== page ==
As someone who was quite young at the time, it is hard for me to identify what the magic sauce of Super Nintendo RPGs of 1991-96 was. It was an era of video games when Chrono Trigger, Final Fantasy VI, Secret of Mana and Dragon Quest 5 & 6 were all released in the same span of years, there was a breakthrough. There was excellent pixel art, there was more bold storytelling, there were new ideas to the turn based systems, and there were a lot of people just enjoying RPGs. There’s something that’s hard to replicate about that era of role playing games that is missing from the modern 100 hour odysseys but still exists as a foundational memory for generations of RPG players.
Sea of Stars is as if you reached into the past and grabbed that underlying feeling and really channeled everything you had into making the 2023 version of that video game formula. Sea of Stars brilliantly feels like one of those Golden Age JRPGs of the Super Nintendo, but made with the benefits of today. On top of that, it’s unique, it’s heartfelt, and it’s so so fun to play in a time where there are tons of fun RPGs to play. Sea of Stars is different from all of them, and excellent in its own ways.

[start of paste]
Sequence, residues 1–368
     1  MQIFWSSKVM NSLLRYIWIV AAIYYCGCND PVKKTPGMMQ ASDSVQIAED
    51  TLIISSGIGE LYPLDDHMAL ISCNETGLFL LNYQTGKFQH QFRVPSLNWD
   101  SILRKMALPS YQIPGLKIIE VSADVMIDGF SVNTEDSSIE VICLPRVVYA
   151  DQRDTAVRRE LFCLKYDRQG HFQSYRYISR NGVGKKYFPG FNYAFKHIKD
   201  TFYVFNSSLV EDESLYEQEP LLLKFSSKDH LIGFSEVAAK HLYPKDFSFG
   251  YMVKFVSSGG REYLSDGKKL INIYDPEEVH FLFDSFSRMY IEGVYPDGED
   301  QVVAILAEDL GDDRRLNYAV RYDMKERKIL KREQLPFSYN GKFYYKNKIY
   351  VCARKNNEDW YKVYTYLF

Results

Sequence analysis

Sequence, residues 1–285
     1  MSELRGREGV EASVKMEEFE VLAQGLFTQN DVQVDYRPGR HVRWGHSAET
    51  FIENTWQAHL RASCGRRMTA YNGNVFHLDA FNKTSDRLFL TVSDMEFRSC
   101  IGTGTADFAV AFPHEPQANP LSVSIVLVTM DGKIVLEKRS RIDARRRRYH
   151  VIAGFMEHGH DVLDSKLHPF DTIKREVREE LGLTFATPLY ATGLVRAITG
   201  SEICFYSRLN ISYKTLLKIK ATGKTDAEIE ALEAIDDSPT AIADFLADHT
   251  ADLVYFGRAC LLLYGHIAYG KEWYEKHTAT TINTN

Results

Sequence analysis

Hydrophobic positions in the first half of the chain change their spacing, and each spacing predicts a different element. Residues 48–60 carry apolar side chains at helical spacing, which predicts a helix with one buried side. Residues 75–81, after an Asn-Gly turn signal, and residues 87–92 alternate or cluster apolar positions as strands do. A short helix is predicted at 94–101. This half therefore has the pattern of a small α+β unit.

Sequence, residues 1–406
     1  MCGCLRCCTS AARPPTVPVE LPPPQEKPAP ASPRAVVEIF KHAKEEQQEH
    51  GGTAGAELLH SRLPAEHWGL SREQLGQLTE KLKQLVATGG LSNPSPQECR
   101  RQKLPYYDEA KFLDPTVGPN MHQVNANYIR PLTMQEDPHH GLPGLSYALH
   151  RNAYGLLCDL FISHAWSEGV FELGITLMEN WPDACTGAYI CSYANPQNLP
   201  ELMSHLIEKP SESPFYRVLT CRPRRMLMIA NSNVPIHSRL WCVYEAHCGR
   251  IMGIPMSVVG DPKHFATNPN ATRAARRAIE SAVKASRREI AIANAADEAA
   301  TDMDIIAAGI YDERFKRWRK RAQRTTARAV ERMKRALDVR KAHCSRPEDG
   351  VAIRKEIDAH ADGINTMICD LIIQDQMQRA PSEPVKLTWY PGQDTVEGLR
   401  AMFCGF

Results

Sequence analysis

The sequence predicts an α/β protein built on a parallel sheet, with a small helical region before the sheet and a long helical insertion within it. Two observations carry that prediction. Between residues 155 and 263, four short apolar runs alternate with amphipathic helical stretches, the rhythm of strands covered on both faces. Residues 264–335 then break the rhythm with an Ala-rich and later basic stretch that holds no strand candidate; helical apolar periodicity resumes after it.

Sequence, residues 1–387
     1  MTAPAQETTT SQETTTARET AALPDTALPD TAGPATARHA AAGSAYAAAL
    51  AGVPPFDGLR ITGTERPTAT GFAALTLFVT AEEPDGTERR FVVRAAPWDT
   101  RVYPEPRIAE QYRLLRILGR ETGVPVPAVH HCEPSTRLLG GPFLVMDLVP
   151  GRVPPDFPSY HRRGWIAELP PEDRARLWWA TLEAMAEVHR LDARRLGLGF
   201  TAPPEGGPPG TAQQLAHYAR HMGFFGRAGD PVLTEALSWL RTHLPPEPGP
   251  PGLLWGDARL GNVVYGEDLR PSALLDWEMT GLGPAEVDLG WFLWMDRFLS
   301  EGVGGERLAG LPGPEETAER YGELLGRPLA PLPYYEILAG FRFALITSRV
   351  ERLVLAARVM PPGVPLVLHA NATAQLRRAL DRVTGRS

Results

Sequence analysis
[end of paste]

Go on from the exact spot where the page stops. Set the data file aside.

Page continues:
From the beginning, Sea of Stars’ story is framed around a sacrifice. Valere and Zale, blessed with lunar and solar-based superpowers related to their births on the Winter and Summer solstices, are separated from their childhood friend Garl and are locked away in a tower to train for ten years to become Solstice Warriors. Despite this strong background Zale and Valere struggle to develop as charages during the journey in comparison to later additions to the party like Garl, or the mysterious Pirate/Ninja Seraï, who are far more interesting and elevate the plot a lot more. I think there are some missed opportunities with characters broadly; I would have liked more time with characters just talking to one another, building up the tension and relationships so that when the biggest story beats happen, they’d hit even harder. Still, it feels like a more traditional approach. It feels classic and streamlined, and it helpsSea of Stars separate itself more from modern contemporaries.